Cinematic ghosts tend to be elusive creatures. There’s usually one character who can see them, but when that person tries to show someone else, there’s no payoff. They’re there exactly when you don’t want them to be (you know, like when you’re trying to get to sleep), but otherwise, you can’t capture them to prove their existence. They’re like the spectral version of that singing frog from that old Warner Brothers cartoon.


That’s not the case with Christopher Landon’s We Have a Ghost, new on Netflix. When Jahi Di’Allo Winston’s Kevin first pulls out his phone in the attic of the house his parents have just bought, he does capture the ghost on video. Anyone who is disinclined to believe the video evidence – we’re capable of great digital fakery nowadays – soon gets the physical evidence proven before their very eyes. Simply put, the movie skips all the time most ghost stories spend on having everyone doubt the protagonist and just gives us the goods from the start.

That may be a little too much of this ghost, even if Ernest (David Harbour) is a fairly beguiling creation. Ernest can’t speak, which is a counterintuitive choice on the surface, since Harbour’s considerable charisma comes largely from his verbal skills. Ernest also can’t remember much if anything of his life, a state of affairs he communicates wordlessly through sadly nodding or sadly shaking his head when he’s prompted by Kevin or by Kevin’s neighbour Joy (Isabella Russo). Even though this is a comedy, Landon smartly avoids giving Ernest the persona of a wisecracking sidekick, in turn preserving a little bit of his mystery.

It’s very hard to keep that mystery, though, when Ernest is on screen as much as he is. Him being around so much – and even proving himself able to leave the house he’s haunting, which goes against normal ghost rules – begs a lot of questions, not the least of which is: If any ghost could be as accessible to the public as Ernest, why haven’t any of them done so before? But the bigger question is on a narrative level, where having this full additional character around, in pretty much every scene, makes him too mundane by half. Even without him saying anything, we’re sort of tired of him at the end of more than two hours of movie.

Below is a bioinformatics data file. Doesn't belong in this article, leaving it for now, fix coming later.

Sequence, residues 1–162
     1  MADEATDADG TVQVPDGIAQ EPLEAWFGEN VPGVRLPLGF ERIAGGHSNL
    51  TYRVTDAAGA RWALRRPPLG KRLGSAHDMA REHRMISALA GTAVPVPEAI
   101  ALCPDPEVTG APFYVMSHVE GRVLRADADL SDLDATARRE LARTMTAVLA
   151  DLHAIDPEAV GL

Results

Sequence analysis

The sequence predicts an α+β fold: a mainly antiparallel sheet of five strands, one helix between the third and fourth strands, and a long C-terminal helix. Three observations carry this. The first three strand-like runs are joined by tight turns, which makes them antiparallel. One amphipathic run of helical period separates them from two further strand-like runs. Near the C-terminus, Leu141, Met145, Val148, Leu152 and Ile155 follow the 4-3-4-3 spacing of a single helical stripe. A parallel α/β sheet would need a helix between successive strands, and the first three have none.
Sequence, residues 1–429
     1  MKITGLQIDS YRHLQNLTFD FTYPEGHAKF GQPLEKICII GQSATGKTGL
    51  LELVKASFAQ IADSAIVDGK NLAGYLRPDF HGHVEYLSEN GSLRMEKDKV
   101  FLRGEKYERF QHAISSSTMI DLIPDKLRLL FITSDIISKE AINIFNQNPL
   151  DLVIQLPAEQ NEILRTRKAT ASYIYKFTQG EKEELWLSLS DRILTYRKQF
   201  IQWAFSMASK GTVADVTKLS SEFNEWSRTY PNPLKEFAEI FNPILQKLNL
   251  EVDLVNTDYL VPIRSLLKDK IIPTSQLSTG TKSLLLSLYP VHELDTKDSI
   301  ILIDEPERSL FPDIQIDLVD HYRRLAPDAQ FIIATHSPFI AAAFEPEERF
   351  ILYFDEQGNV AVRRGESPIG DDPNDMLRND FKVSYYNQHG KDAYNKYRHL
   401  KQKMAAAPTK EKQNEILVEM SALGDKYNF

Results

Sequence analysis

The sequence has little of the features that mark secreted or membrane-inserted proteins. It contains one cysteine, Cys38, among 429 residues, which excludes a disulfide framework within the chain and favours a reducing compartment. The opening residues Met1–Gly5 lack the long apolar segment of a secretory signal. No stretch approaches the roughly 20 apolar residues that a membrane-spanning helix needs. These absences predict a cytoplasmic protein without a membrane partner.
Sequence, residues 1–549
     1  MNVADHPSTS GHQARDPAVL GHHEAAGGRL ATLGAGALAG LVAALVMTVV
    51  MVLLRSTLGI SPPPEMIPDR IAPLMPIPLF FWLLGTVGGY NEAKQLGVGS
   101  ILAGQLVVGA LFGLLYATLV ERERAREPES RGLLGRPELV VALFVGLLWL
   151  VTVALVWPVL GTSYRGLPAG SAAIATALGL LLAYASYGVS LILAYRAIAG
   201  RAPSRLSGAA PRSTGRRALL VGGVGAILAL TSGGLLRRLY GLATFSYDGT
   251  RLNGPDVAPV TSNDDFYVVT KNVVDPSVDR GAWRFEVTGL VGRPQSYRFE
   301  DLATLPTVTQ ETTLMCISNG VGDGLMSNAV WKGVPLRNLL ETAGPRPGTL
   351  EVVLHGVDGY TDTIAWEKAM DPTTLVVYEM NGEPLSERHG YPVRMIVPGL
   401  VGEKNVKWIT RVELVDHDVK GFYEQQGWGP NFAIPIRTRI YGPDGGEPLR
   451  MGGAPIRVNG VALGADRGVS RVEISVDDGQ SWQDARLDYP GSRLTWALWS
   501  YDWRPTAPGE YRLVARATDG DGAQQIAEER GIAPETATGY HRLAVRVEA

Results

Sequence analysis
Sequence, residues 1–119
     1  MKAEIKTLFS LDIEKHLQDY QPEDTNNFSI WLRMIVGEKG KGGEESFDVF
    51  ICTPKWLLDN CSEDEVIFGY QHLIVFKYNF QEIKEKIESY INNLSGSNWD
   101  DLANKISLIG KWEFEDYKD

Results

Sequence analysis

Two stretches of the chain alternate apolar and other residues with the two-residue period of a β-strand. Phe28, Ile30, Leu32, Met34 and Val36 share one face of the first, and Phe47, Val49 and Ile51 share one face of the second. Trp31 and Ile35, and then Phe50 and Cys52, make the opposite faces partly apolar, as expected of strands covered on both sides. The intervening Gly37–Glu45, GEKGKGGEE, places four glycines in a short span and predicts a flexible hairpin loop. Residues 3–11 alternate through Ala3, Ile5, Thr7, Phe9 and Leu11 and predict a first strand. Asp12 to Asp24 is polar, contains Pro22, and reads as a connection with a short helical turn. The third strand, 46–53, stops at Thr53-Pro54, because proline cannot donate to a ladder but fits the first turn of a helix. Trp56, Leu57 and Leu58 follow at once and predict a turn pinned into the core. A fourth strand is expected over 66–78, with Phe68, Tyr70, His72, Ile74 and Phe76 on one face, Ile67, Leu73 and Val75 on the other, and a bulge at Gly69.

Frank and Melanie Presley (Anthony Mackie and Erica Ash) bought a suspiciously under-priced fixer upper as another chance to start over, after Frank’s numerous previous wealth-making schemes have all gone belly up. Their realtor (Faith Ford) doesn’t tell them that the last family ran out screaming and never came back, which is why the house is available on the cheap. Despite being in a sort of shambles when they buy it, the house is indeed fixed up in record time and comes to quickly resemble the sort of grand home full of wide open spaces you only see in the movies.


It’s the jaded teenage son Kevin who first hears Ernest making noise in the attic, but doesn’t blink when Ernest tries to spook him with some standard-issue ghost tactics like raising his hands menacingly and issuing elongated boos. It may be that Kevin is inherently more entertained than scared by Ernest, who appears in a bowling shirt and has a comb over. It’s clear Ernest’s heart isn’t really in being scary, though he doesn’t know how that temperament developed because he doesn’t remember his life – which becomes a central quest for him and Kevin and Joy.

Of course, Frank sees Ernest a bit differently. A man constantly trying to provide for his family knows that in the internet age, he can make a pretty penny on YouTube showing verified footage of a real ghost. Before long, he’s a full Ernest entrepreneur, and legions of believers in the afterlife gather around their house 24-7 to get a glimpse of the ghost. But Frank’s cash cow is at risk when Ernest and Kevin disappear – to attempt to track down the details of Ernest’s past, but Frank and his wife don’t know that at the time. It’ll certainly result in a reckoning whether he’s got his priorities straight.


Landon staked a great claim to horror comedy – though there’s not very much horror here – with his serial killer version of Freaky Friday, the Vince Vaughn vehicle Freaky. That film has both the teeth and the sweetness this film wants to have. We Have a Ghost doesn’t have the ambition of another obvious point of comparison, Peter Jackson’s The Frighteners, which gave us similar ghost effects. The fact that the ghost effects are similar, even though The Frighteners came out 27 years ago, suggests that Landon’s film isn’t the technical ground-breaker one would want – but also that this sort of ghost comedy feels like a relic from another time.

What ultimately earns it a mild recommendation, rather than a mild pan, is that it does manage to be very likable. We Have a Ghost overcomes some flaws in its conception and execution precisely because it does have such a good cast, which also includes comedy treasure Jennifer Coolidge in a smaller role as a TV psychic. Harbour finds himself forever having to elevate subpar material, but at least the material here is much better than the most recent time he had to do this in last year’s Violent Night. And then in Mackie you of course have the former Falcon and future Captain America in the MCU, charming as all get out.


Less would have been more, though. A movie like We Have a Ghost doesn’t need to be two hours and seven minutes long, not when it doesn’t even have the part where everyone doubts whether the ghost really exists.


We Have a Ghost is currently streaming on Netflix.

6 / 10